Romans 5 is a very helpful passage because it tells us that Adam was a type of Christ. “A type is a shadow cast on the pages of OT history by a truth whose full embodiment or antitype is found in the NT revelation;”** it is a specific kind of foreshadowing rooted history. In this passage Adam is a type of Christ in his covenant or federal headship. This helps us to understand that all of Scripture points to Jesus Christ rather than only that which comes after the fall. An important conclusion regarding history can be deduced from this passage as well. Since Adam, the first man, was established as a type of Christ it follows that there is a specific end toward which all of history flows, the consummation of Christ’s kingdom. This is also seen in passages such as John 1.1-5 and Colossians 1.15-20 where Christ is established as not only active in creating, but also the end or purpose of creation.
Gal 3.15-29 (ESV)
15To give a human example, brothers: even with a man-made covenant, no one annuls it or adds to it once it has been ratified. 16Now the promises were made to Abraham and to his offspring. It does not say, “And to offsprings,” referring to many, but referring to one, “And to your offspring,” who is Christ. 17This is what I mean: the law, which came 430 years afterward, does not annul a covenant previously ratified by God, so as to make the promise void. 18For if the inheritance comes by the law, it no longer comes by promise; but God gave it to Abraham by a promise.
19Why then the law? It was added because of transgressions, until the offspring should come to whom the promise had been made, and it was put in place through angels by an intermediary. 20Now an intermediary implies more than one, but God is one.
21Is the law then contrary to the promises of God? Certainly not! For if a law had been given that could give life, then righteousness would indeed be by the law. 22But the Scripture imprisoned everything under sin, so that the promise by faith in Jesus Christ might be given to those who believe.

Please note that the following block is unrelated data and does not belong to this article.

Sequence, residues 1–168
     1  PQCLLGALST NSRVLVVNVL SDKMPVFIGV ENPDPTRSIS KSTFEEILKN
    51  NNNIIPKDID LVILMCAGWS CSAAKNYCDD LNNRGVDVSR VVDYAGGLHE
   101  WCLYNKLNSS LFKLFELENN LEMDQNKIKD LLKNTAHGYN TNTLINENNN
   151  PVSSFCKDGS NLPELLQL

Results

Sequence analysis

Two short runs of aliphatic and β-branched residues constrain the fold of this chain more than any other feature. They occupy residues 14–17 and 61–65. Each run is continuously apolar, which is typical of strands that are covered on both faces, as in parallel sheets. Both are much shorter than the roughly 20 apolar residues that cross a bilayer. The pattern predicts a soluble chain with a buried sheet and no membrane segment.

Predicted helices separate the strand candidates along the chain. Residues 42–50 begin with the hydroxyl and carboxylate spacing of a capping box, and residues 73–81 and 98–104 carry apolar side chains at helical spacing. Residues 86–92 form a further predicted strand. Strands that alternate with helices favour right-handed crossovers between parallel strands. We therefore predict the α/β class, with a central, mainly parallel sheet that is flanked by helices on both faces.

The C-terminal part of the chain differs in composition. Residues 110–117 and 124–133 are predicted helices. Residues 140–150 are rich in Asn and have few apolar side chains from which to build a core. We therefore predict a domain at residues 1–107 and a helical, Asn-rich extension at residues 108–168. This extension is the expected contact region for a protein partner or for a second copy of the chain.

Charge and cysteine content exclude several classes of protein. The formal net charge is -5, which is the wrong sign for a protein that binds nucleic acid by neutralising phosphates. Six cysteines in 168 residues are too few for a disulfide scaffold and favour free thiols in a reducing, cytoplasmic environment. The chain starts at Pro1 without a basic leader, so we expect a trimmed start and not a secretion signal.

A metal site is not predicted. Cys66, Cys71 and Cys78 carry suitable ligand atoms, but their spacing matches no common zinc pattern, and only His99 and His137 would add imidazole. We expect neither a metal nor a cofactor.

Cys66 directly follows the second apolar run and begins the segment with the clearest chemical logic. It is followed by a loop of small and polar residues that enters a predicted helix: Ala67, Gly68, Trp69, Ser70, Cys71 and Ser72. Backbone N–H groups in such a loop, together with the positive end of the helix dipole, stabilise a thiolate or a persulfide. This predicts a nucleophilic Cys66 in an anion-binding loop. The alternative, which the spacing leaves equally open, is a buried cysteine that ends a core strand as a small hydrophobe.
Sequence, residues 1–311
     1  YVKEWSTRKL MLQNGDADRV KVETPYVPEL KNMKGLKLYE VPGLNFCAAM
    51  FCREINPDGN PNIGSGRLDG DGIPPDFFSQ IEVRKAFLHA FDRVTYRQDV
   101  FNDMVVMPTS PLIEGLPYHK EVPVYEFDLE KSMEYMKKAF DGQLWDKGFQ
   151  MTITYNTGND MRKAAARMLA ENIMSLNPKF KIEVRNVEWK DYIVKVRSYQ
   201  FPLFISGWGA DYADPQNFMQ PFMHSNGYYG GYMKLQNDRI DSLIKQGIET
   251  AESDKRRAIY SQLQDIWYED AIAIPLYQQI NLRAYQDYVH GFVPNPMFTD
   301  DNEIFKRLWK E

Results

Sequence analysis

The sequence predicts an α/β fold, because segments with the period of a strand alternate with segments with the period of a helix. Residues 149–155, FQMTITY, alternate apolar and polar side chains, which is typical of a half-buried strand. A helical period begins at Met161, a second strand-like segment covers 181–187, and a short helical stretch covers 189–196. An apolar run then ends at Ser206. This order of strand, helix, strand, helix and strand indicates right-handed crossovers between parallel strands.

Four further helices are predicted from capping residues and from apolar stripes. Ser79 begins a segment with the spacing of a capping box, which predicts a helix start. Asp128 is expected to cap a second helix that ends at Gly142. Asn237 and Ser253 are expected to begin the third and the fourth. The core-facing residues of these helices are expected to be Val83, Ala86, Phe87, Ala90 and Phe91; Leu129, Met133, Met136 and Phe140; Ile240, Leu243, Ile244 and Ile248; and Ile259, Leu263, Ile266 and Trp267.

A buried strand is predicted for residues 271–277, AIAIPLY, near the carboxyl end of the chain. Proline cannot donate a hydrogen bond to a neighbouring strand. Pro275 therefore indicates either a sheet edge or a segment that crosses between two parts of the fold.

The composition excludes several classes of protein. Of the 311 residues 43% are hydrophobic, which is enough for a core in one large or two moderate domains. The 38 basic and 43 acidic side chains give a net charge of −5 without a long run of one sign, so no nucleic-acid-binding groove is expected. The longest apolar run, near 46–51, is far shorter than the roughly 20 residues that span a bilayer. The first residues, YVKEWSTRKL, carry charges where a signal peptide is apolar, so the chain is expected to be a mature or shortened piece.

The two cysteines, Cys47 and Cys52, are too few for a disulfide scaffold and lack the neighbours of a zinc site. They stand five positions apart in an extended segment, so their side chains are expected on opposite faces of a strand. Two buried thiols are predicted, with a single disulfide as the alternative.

23Now before faith came, we were held captive under the law, imprisoned until the coming faith would be revealed. 24So then, the law was our guardian until Christ came, in order that we might be justified by faith. 25But now that faith has come, we are no longer under a guardian, 26for in Christ Jesus you are all sons of God, through faith. 27For as many of you as were baptized into Christ have put on Christ. 28There is neither Jew nor Greek, there is neither slave nor free, there is no male and female, for you are all one in Christ Jesus. 29And if you are Christ’s, then you are Abraham’s offspring, heirs according to promise.
While there are many more passages that could be referenced to help make the case for a Christ-centered interpretation of Scripture, Galatians will be the last one considered here. Galatians 3.15-29 outlines in part the theological system called covenant theology. Within this rich passage there are a few key phrases regarding the current discussion. First, verse 18 clearly teaches that the offspring to whom the promises were made and in whom the promises are fulfilled is Jesus Christ. Second, Paul asks in verse 19, “Why then the law?” He answers, “It was added because of transgressions, until the offspring should come to whom the promise had been made.” Remember, Paul just defined the offspring as Christ. This affirms the passages in Matthew 11 and Luke 16 mentioned above, as well as the planned obsolescence of the Law mentioned above. Paul elaborates on this point in verse 24 writing, “So then, the law was our guardian until Christ came, in order that we might be justified by faith.” Third, in verse 29 Paul states, “And if you are Christ’s, then you are Abraham’s offspring, heirs according to promise.” So, the promises given to Abraham are fulfilled and realized in Christ and extended to those who are united by faith to Christ and thereby made heirs with Christ.
When all of these passages are considered together, it becomes clear that the revelation of Jesus Christ is the point of Scripture. Right from the beginning, God is working out his plan of salvation for his people through his Son, Jesus Christ. The Christ-centered nature of Scripture is important to understand. It helps guard against legalistic, moralistic, and spiritualistic interpretations of Scripture, especially of the Old Testament, and it helps to guard against a formulation of God that leaves him impotent in the salvation of his people. From beginning to end, when we read the Bible, we are reading the story of our Savior. Read the Bible, and bow before the King revealed in its pages.
*John D. Currid, Genesis: Volume 1 – Genesis 1:1-25:18
, EP Study Commentary (Webster: Evangelical Press, 2003), 131.
**Everett F. Harrison, Geoffrey W. Bromiley, Carl F. Henry, ed. Wycliffe Dictionary of Theology (Peabody: Hendrickson Publishers, 1999), 533.